Every day, ICU nurse Ashlee Schwartz arrives at work at Mercy Hospital in Arkansas and immediately checks their COVID-19 stats. She said the cases had surged in the summer – and most of the patients were unvaccinated. One August day, a patient stood out to Schwartz – Emily Robison, who was just 22 years old.
"I literally got up from my chair and walked over to her room," Schwartz told CBS News. "And I had just talked to her nurse and was like, 'What is her story?' And I learned she was 28 weeks pregnant."
The CDC says battling COVID-19 while pregnant can lead to severe complications. They urge all people over the age of 12 to get vaccinated – including pregnant women.
Robison's husband, Eric Robison, told CBS News neither of them were vaccinated when his wife was admitted to the hospital.
Knowing Robison's condition, Schwartz was concerned for her and her baby, who would be named Carmen. "I knew that, more than likely, Carmen, their little girl, would be home well before Emily would be," Schwartz said.
"All I could image was, if Emily could truly overcome COVID, and she made it home and she just walks into her house and she doesn't have much of anything for this little girl, and she just looks around and just says to herself, 'Why couldn't have someone helped me?' So, I literally just felt called to make sure Emily had what she needed," she said.
Schwartz said she later met Eric, who is 23, and he said they didn't have much for their baby, except for clothes. He also didn't know what a baby registry was, Schwartz said.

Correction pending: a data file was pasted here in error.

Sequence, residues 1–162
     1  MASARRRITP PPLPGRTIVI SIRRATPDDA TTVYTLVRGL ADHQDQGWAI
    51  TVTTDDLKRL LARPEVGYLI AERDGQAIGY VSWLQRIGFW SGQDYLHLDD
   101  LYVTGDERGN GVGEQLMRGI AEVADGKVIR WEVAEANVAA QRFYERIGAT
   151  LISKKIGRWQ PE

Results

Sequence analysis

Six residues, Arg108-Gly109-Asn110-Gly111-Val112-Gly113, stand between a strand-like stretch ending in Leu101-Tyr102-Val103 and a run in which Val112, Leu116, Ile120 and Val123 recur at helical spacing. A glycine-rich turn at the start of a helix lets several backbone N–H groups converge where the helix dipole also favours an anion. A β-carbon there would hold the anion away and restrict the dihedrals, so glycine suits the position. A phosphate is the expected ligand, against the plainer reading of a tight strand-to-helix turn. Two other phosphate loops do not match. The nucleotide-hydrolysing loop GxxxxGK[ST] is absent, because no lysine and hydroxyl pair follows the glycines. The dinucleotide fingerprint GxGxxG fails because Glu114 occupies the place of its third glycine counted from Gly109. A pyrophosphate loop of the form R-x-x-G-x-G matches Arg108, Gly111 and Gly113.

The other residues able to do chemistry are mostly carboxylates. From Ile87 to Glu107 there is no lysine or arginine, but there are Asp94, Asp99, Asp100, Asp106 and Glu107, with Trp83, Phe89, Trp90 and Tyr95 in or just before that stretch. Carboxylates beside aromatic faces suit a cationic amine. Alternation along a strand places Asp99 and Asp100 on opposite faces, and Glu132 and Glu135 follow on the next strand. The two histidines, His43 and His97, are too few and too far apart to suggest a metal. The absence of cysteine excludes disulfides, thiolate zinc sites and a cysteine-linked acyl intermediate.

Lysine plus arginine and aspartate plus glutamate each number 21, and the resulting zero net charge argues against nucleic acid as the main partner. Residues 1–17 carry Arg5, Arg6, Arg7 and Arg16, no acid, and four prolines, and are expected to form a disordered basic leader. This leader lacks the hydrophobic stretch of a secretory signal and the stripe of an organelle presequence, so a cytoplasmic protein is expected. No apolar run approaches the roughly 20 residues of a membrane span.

"I happened to just walk down the hall and I saw Eric sitting in this chair, just staring into Emily's room. I just all of a sudden thought to myself, 'This could be me,'" she said. "And you know, it's the truth with COVID, I mean any patient's story that's in our ICU could very well become our own story. I mean, I could be the one laying in the bed. Or I could be the one sitting in Eric's chair."
After meeting Eric, Schwartz was compelled to help the couple. So she wrote in a private Facebook group for fellow nurses, asking if anyone would be interested in chipping in for a baby registry.
She made two registries – or lists of specific gifts for expecting couples and their babies. When nearly everything was bought off those registries, she made a third.
The story spread on social media and on the local news. In less than two weeks, strangers had sent the Robisons hundreds of baby gifts.
"I got to do the fun part. I got to do the registry and be like, 'Oh, I'd want this and I would want this.' But then, it's the community and it's the nation that's coming together and just gifting this little girl," Schwartz said.
She had a vision of Robison going home to be surprised by the gifts. But that didn't happen.
Robison died on September 20, but her daughter was born via emergency C-section at 29 weeks. Born at 2 pounds 9 ounces, Carmen is still in the NICU. But Eric said she should be able to come home in seven days.
While Eric still has to deal with Emily's death, he doesn't have to worry about filling Carmen's room with things she needs – thanks to Schwartz's outreach. "Emily was a tremendous spirit, the kind that could lift you up no matter the mood," he told CBS News. "And Carmen will know all of those who have donated and helped during this process, I promise."
Schwartz said she never expected the story to touch so many hearts.
"Especially when you're an ICU nurse, life can just become so depressing, the reality of this virus. When you walk through those doors, it's just a whole different life," she said. "But I tell you, this registry and just seeing these people come together for this little baby, it has just brought my life so much joy."
The nurse said this story is not just about paying it forward, but about how serious the virus can be. Eric said he decided to get vaccinated, receiving his first dose on Tuesday.
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